Interaction of glutathione s-transferase m1 and t1 genotypes and malignant melanoma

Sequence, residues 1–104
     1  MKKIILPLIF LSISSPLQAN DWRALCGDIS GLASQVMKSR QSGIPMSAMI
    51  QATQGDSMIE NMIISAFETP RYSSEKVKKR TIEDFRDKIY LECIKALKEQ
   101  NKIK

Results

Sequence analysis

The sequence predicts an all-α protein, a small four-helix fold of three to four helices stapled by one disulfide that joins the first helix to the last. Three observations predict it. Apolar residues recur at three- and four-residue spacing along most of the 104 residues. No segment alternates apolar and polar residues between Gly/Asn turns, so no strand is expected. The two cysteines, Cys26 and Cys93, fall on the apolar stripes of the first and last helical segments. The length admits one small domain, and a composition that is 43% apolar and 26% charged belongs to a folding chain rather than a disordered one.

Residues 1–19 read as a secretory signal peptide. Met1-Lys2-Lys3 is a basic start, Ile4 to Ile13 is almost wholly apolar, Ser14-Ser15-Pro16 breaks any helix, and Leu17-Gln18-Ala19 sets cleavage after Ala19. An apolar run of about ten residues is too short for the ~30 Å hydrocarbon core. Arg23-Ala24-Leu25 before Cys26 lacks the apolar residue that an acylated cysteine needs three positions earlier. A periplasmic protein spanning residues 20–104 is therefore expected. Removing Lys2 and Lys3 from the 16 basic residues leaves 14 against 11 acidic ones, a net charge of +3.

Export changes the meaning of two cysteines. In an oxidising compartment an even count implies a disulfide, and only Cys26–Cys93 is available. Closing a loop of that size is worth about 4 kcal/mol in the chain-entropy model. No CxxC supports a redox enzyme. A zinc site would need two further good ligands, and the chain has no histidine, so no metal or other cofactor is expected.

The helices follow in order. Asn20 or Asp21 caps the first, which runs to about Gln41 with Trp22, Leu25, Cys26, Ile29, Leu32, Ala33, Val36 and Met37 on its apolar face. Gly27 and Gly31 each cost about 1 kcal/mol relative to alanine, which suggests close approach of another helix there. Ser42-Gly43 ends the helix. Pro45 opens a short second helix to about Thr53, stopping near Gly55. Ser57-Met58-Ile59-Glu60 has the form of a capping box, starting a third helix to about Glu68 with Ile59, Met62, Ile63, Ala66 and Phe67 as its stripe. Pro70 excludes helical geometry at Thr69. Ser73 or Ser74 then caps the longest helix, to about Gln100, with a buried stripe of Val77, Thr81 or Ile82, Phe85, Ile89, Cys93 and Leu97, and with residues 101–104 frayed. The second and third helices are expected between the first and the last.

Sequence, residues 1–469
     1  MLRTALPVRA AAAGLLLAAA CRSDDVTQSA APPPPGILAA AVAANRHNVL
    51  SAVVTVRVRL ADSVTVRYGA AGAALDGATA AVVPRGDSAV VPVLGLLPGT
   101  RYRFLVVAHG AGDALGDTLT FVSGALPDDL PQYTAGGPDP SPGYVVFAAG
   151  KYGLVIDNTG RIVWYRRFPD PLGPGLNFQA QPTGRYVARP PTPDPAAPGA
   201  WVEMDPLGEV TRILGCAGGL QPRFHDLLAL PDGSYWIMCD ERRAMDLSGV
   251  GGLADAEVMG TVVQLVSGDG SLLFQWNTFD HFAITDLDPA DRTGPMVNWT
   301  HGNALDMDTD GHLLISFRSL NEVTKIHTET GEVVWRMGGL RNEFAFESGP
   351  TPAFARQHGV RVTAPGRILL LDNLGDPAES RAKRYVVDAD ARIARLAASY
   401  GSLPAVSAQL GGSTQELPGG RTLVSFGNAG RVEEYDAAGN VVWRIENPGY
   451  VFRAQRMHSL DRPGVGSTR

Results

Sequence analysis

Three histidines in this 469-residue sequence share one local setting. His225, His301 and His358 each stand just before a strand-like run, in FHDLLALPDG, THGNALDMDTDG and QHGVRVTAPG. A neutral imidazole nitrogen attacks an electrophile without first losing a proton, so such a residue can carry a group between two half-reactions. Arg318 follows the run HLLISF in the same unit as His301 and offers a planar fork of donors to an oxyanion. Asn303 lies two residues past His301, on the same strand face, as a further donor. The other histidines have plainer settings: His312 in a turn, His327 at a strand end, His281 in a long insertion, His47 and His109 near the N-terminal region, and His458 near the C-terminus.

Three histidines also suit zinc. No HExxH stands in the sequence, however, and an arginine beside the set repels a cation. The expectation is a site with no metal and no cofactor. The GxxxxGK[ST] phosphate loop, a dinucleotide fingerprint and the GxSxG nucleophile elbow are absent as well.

The mu and theta classes of glutathione S-transferases (GST) may affect the development of cutaneous malignant melanoma (CMM) by decreasing cellular oxidative stress in skin. These isozymes are absent in a large proportion of the population because of germ-line homozygous deletions in the genes encoding GSTM1 and GSTT1. To determine the association between GSTM1 and GSTT1 homozygous deletions (GSTM1 null and GSTT1 null, respectively) and CMM, we studied 212 patients with CMM, 150 patients with CMM and dysplastic nevi (DN), 147 patients with DN alone, and 124 healthy persons without CMM or DN. Comparing CMM cases (n = 362) to participants without CMM (n = 271), we found no association with GSTM1 null [odds ratio (OR), 1.2; 95% confidence interval (CI), 0.86-1.6] or GSTT1 null (OR, 0.82; 95% CI, 0.56-1.2), either independently or in combination (OR, 1.4; 95% CI, 0.81-2.2), after adjusting for age. However, among the subset of participants with red or blond hair, those with CMM were twice as likely to carry GSTM1 null (OR, 2.2; 95% CI, 1.2-4.2) and nearly 10-fold more likely to carry both GSTM1 null and GSTT1 null (OR, 9.5; 95% CI, 1.2-73) compared with those without CMM. These data suggest that among persons with hair colors traditionally associated with increased risk for melanoma, absence of both GSTM1 and GSTT1 may act to further elevate CMM risk.